— visual by Avril Orloff
This week, the Sunshine Coast Regional District (SCRD) asked 75 green-minded people their view of what’s critical to launching a successful community sustainability program. In a four-hour interactive session, held at the Cedars Inn motel in Gibsons, British Columbia, Canada, here’s how some people responded:
Have a sense of urgency. Be bold. Acknowledge risk.
Have strong leadership. Take action and do it with enthusiasm.
Make it personal and engaging.
Understand people’s motivations and value. Recognize their differences.
Demonstrate concrete examples of sustainability and their benefits.
Involve youth and multi-generations.
The SCRD, the local governing body for about 30,000 people who live along the coast northwest of Vancouver, hosted the fun event, which included a free vegetarian dinner and live music by local band Sweet Cascadia. Facilitator Julie Clark, the education and outreach coordinator for the SCRD waste management program, invited participants to respond to three questions:
1. Thinking like the whole coast (region), what do you believe should be the goals of a sustainability education and outreach program?
2. Think about a time when you experienced fabulous community engagement in action. What were the important elements?
3. Think about a friend or neighbour who is not involved in the sustainability movement. What suggestions do you have to engage this person in sustainable behaviour?
As participants, we discussed responses with three different sets of people, rotating to a new table for each question. We summarized our answers as individual groups, then shared them with the whole group. A wonderfully creative artist, Avril Orloff, wrote our responses on a series of wallboards, using eye-catching imagery and lettering with a variety of coloured felt markers.
This process invited maximum participation and allowed us to meet three times as many new people than we would have if we had stayed at our respective tables. Although I was skeptical at first about how effective this method would be in producing practical and meaningful answers, I enjoyed the interaction and brainstorming and found it valuable. I discovered later that we were following World Cafe Guidelines, which I had never known about. The World Cafe Community website defines its approach as ”a natural & effective way to host meaningful conversations that awaken collective wisdom & engage collaborative action.”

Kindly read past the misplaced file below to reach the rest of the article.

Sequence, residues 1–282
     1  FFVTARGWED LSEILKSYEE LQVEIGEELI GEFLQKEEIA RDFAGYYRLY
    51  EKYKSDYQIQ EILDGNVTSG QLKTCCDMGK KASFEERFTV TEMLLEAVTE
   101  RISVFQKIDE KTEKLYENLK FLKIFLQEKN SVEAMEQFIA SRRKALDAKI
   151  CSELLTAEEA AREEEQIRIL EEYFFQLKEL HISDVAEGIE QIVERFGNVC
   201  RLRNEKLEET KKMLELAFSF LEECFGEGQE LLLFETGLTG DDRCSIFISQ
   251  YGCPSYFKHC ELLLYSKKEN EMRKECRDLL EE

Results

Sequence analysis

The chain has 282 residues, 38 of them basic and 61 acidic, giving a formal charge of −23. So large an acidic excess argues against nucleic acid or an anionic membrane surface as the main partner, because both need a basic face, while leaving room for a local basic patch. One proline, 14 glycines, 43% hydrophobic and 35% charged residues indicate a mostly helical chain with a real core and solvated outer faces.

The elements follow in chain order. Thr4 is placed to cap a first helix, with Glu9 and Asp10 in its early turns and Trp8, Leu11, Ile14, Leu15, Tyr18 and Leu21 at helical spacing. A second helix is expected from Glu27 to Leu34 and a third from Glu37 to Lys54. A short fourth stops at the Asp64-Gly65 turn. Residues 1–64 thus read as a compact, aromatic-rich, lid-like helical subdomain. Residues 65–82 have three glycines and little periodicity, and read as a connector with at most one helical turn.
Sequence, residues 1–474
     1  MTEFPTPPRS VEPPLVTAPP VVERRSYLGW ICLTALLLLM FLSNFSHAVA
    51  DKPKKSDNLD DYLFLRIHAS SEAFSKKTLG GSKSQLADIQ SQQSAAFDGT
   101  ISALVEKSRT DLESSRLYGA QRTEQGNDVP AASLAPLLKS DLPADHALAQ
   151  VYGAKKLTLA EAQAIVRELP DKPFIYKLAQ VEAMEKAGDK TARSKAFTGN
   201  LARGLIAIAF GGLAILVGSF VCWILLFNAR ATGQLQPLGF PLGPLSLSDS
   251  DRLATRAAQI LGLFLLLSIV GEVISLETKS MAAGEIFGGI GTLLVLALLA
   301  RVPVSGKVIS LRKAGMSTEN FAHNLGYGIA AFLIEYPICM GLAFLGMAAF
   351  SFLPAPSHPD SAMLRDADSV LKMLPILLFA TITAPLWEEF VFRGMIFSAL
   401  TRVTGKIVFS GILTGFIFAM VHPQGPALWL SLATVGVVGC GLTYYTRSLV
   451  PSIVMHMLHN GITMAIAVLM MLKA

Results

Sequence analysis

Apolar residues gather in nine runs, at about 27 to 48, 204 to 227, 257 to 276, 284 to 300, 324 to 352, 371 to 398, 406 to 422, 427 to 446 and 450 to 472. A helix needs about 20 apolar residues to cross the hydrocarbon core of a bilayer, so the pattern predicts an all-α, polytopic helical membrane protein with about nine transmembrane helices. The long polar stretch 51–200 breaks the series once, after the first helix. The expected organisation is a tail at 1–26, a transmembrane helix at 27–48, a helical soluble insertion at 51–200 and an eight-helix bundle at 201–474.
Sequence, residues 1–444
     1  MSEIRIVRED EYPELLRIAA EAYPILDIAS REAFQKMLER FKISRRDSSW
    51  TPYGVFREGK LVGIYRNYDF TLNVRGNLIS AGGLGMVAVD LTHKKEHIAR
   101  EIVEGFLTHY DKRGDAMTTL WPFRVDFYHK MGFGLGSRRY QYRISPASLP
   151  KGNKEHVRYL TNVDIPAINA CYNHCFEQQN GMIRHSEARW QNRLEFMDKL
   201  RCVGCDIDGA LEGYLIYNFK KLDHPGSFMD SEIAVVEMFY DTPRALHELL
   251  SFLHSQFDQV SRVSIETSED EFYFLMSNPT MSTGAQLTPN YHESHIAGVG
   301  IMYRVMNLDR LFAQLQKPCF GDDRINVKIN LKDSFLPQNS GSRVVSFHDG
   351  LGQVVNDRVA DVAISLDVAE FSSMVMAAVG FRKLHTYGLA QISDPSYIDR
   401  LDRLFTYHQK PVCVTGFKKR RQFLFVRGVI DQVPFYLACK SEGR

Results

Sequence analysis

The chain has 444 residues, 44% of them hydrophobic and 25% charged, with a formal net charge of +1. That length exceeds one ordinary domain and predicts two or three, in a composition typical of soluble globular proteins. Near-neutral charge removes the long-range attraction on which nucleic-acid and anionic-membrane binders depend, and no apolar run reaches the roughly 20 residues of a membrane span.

I enjoyed hearing the suggestions from each group; some sought immediate, localized changes, others took a broader outlook, emphasizing life philosophy and motivation more than specific actions. In my first group, I thought that defining sustainability would be a good place to start, since it has become such a buzz word and means different things to many people. Some people prefer the term “stewardship.”
A woman in my group recommended the definition offered by Jennifer Sumner, author of the book Sustainability and the Civil Commons: Rural Communities in the Age of Globalization, published by University of Toronto Press in 2005. Sumner thinks that since sustainability is such a vague concept, the forces of corporate globalization can co-opt it. She recommends a new understanding of the term, seeing sustainability as ”a set of structures and processes that help build the civil commons.” Sumner defines the latter as ”any co-operative human construction that protects/or enables the universal access to life goods” as distinct from market relations. She suggests a new term of “sustainable globalization.”
Julie Clark cited the 1987 Brundtland Report , also known as Our Common Future, published by an international group of politicians, civil servants and experts on the environment and development. This report defines sustainable development as “development that meets the needs of the present without compromising the ability of future generations to meet their own needs.” The report highlighted three key aspects of sustainable development: environmental protection, economic growth, and social equity
The SCRD is putting its sustainability focus on three main areas: water conservation; solid waste (e.g. using it as a resource), and energy and emissions. As if to emphasize how our choices now will affect the next generation, participant Georgina Brandon gave the children who attended an eco-minded art project. She had them draw and paint signs that they paraded through the meeting area: giant vertical footprint outlines that cautioned us to limit our contribution to carbon emissions; a long, horizontal shelf of plastic water bottles, reminding us of landfill clutter and nonrecyclables, and outlines of chickens that encouraged food security and control over one’s own food supply.
— visual by Avril Orloff
Although this event didn’t result in any earthshaking revolution or instant change, it did provide inspiration, validation, and options for initiating change at a local level. Regardless of what definitions we use for sustainability, only actions will make the difference. I think that concrete goals, such as setting dates for achieving specific reductions of greenhouse gas emissions, make a good rallying point. Make any efforts solution-oriented rather than harping on problems. The overriding question that Julie Clark posed was the perennial challenge: How do you engage the silent majority?